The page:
Energy-saving devices rise and shine at trade fair
New technology is helping the mainland meet demand for eco-friendly lighting products as it comes to grips with environmental challenges
Light-emitting diodes and other types of energy-saving lighting are the brightest growth areas in the lighting industry and will take centre stage at this year's Guangzhou International Lighting Exhibition, organised by Messe Frankfurt.
More than 1,200 exhibitors and experts in the field will attend the event, which runs from June 8 to 11, and will also include seminars.
Exhibitors from the mainland and around the world will showcase products using the latest in eco-friendly and power-saving technology.
Katy Lam, director of trade fairs for Messe Frankfurt, said: 'The number of LED [light-emitting diodes] lighting and environmental products in the show this year reflects the new demand in the market. This area is growing fast and there is high demand for it. It is also very much in line with the Chinese government's green light policy and 11th five-year plan, in which the administration of each city is being encouraged to look at low energy alternatives.'
China faces a shortage of raw materials and fuel as its manufacturing industry booms. At the same time, awareness of the need to save energy and reduce pollution is being encouraged.
'China's cities are also increasingly looking at tourism,' Ms Lam said. 'Landscape lighting is becoming more popular as the standard of living rises, so local governments are renovating whole cities, building new cities and putting a lot of money into landscape design.'
The exhibition is being split into two this year for the first time to enable electrical building technology to be showcased separately.
The building element was introduced into the exhibition two years ago, but it is an area that is expanding rapidly due to China's construction boom.
The exhibition has been staged in Guangzhou for the past 12 years, and Ms Lam reckons the number of visitors this year will exceed last year's 41,000.
'The scale of the show is expanding, so we do expect more visitors this year,' she said. 'Other than the show itself we also have quite a lot of programmes running concurrently with the exhibition, so it's much more than just selling products in a booth.'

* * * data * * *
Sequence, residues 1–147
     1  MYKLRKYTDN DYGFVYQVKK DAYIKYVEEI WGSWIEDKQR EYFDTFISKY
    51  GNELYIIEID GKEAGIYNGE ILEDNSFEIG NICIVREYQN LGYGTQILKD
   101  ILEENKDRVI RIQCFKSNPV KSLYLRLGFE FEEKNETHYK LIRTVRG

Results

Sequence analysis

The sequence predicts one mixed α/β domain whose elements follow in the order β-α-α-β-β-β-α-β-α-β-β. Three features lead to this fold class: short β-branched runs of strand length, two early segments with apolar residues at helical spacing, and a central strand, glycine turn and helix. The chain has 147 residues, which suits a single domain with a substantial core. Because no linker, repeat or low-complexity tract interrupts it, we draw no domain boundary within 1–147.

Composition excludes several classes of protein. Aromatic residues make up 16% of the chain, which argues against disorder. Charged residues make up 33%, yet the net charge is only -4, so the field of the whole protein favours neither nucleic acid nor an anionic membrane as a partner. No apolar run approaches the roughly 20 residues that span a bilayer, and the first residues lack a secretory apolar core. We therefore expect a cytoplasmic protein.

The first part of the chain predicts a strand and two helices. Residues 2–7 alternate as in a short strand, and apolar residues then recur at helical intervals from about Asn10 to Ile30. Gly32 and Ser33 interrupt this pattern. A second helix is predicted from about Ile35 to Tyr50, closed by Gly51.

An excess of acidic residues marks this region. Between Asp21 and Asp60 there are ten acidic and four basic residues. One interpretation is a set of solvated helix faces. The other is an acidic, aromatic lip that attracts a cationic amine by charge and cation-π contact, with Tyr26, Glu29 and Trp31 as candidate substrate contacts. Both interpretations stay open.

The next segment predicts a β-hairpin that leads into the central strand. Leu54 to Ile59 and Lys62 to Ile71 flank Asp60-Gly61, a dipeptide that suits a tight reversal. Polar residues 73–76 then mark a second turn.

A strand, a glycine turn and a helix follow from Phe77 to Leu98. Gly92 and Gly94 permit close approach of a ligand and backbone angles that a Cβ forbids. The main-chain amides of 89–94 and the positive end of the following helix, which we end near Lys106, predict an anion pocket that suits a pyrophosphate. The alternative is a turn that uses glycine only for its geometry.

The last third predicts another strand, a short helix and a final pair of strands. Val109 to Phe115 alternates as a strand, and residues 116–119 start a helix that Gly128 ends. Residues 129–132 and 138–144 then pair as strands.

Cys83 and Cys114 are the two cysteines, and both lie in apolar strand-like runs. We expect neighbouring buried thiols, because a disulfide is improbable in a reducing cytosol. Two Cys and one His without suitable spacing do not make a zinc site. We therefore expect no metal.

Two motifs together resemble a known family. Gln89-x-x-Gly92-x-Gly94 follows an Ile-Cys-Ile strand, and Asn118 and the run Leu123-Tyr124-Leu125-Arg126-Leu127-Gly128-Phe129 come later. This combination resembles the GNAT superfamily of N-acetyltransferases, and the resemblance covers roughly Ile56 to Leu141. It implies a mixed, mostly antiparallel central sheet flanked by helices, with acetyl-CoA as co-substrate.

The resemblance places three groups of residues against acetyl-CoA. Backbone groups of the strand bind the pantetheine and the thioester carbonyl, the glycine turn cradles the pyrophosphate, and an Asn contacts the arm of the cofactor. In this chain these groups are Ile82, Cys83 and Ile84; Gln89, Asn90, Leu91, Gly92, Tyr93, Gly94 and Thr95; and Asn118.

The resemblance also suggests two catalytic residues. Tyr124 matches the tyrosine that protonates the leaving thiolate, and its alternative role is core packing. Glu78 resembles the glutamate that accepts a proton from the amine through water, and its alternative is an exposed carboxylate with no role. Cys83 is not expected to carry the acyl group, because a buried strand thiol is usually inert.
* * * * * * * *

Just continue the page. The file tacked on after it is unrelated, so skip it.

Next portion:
For example, there will be a series of seminars for visitors on the latest developments and latest market trends, involving well-known speakers from the trade. The Guangzhou International Lighting Technology Symposium will return for a third session with the theme: 'The cohesion between lighting and landscape, buildings and interiors'. Seminar topics will cover the use of solar systems for lighting in buildings, commercial and office space lighting. Lighting design for classical architecture in China will be discussed and lighting systems used to illuminate European classical architecture at night will be applied to a building in Tianjin.
Chan Tak-ka, senior building services engineer for the Hong Kong government's Electrical and Mechanical Services Department, will talk about the Tourism Board 's Symphony of Lights show seen nightly across Victoria Harbour at 8pm.
Visitors will also be able to see other state-of-the-art technologies as some of the engineers and designers involved in this year's China Lighting Project Award will be sharing insights on their latest projects. The accolade is the only government authorised lighting-design award in China.
Two years ago, Messe Frankfurt also began dedicating two halls at the exhibition solely to brand names. Many mainland firms present themselves as original equipment manufacturers, or OEMs.
But Ms Lam said: 'We want to encourage more industry players in the LED and environmental lighting areas to be brand name rather than OEM businesses.
'What it needs is more marketing and product development. As the biggest show in this region we want to encourage the industry to show its full potential and we feel that we can be a platform for that.'
While there is demand for lighting products internationally, there is no doubt that China is the main growth area.
'There are quite a lot of international events coming up,' Ms Lam said. 'All deals have already closed for the Beijing Olympics next year, but there's the Asian Games in 2010 in Guangzhou and the World Expo in Shanghai, also in 2010. All of these events will need landscape and lighting.'
She said the exhibition could also provide a forum to exchange information as the China market becomes increasingly sophisticated.